PRICEY DILEMMA: Chinchilla standpipe services industry and households lacking potable water.
PRICEY DILEMMA: Chinchilla standpipe services industry and households lacking potable water. Contributed

Regional water price cripples rural users

WESTERN Downs standpipe water charges are among the most expensive in the country. Council pricing has the cost of standpipe water in Chinchilla, Dalby, Miles, Tara, and Wandoan all at $17.60/kl. In contrast, Warwick and Stanthorpe standpipe customers pay only $6.40/kl, while TasWater charges $1.6371/kl.

Western Downs Regional Council spokesman for utilities Councillor Peter Saxelby said there was an explanation.

Cr Saxelby said production costs for supplied water within the Western Downs was more expensive due to the expense of processing and treating raw water supplies, with the majority being from such surface water storage as dams, rivers, and creeks.

He also cited the "high number of individual supplies spread throughout the region” as a factor.

"Council has invested significant funds to provide water to our town users, who are charged an annual water access fee to cover the town water infrastructure,” Cr Saxelby said.

"Standpipe users pay to access these systems in the same manner normal users do through access and infrastructure charges. This does also increase the volumetric charge for the standpipe users.”

But Kogan resident and standpipe water customer John McLean said it was unacceptable he had to pay "nearly 10 times as much” for his water than customers who didn't use the standpipe.

"The only reason I get the water at the standpipe in the first place is there's been no rain,” Mr McLean said.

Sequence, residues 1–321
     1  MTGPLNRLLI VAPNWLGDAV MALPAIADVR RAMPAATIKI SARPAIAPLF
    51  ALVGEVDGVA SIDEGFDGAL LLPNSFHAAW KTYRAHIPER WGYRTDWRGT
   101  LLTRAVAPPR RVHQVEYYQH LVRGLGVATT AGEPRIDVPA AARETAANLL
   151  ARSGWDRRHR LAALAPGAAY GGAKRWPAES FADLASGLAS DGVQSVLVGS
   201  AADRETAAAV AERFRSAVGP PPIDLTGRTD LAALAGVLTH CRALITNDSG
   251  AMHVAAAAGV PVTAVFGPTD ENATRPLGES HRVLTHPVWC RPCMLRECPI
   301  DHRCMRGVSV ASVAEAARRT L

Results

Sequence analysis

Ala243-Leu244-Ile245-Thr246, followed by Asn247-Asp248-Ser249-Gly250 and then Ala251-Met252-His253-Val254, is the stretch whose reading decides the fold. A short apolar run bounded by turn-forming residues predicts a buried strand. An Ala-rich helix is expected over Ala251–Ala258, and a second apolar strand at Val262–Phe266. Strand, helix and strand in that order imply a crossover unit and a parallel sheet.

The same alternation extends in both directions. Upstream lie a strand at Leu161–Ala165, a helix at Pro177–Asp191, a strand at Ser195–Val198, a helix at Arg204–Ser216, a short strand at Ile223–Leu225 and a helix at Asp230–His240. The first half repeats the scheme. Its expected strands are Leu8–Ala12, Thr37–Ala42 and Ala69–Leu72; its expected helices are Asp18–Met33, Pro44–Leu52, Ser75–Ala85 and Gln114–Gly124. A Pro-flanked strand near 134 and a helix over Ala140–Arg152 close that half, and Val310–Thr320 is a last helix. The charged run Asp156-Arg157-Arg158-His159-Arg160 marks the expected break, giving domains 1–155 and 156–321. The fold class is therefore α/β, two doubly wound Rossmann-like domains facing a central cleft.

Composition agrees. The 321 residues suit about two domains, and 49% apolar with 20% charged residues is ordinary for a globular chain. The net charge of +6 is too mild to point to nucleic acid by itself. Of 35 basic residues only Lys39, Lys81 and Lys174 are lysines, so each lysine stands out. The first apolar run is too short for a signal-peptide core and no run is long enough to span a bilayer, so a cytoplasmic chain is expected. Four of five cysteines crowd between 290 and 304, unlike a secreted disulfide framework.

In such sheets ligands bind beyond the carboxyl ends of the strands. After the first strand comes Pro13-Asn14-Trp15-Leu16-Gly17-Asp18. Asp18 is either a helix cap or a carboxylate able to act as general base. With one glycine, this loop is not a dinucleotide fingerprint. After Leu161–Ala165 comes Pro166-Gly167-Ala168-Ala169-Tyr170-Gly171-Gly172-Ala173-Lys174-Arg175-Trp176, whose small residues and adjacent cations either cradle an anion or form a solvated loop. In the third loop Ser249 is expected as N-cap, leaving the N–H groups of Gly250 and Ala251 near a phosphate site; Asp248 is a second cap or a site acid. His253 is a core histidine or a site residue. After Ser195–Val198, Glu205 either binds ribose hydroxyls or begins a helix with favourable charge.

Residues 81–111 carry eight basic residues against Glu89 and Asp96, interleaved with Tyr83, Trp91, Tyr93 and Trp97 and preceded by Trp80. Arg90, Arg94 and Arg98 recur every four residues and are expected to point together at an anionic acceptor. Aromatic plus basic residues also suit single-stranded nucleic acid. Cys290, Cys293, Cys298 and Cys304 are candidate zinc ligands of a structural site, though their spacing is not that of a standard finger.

"Water is just something that is a natural part of life, we're all entitled to it.”

Mr McLean said he understood standpipe water was also sold to resource companies in the region which could afford the expense, but ratepayers didn't have the same ability to pay.

"Why can't the ratepayers get a special price, a more reasonable price?” he said.

Cr Saxelby said while a portion of standpipe water was used by resource camps, because the water was sold directly to water transport companies which also service individual rural properties, it was "difficult to ascertain statistically how much the camps use”.

"Council does not make an economic return on supplying water to the communities and urges any drought-declared standpipe customers to contact their customer contact centre to apply to have their water standpipe charges, excluding cartage, discounted by 50 per cent.

"Council also recommends any rural property owner not currently drought declared but experiencing these conditions to individually drought-declare their property.”

Even with the subsidy, Mr McLean said he thought the water was more expensive than it should be.

"We're not using our water for stock or gardens or anything else... our water is purely for domestic purposes, which is cooking, cleaning, showering, washing, all the other stuff you normally do with water, and at this price we take care of how much we use.”

It gets even more expensive for those who don't have the equipment needed to collect the water themselves - like Mr McLean does - who also have to pay for delivery.

"There are a lot of people out there who... by the time they pay for water and the delivery charge, they just can't afford it,” he said.

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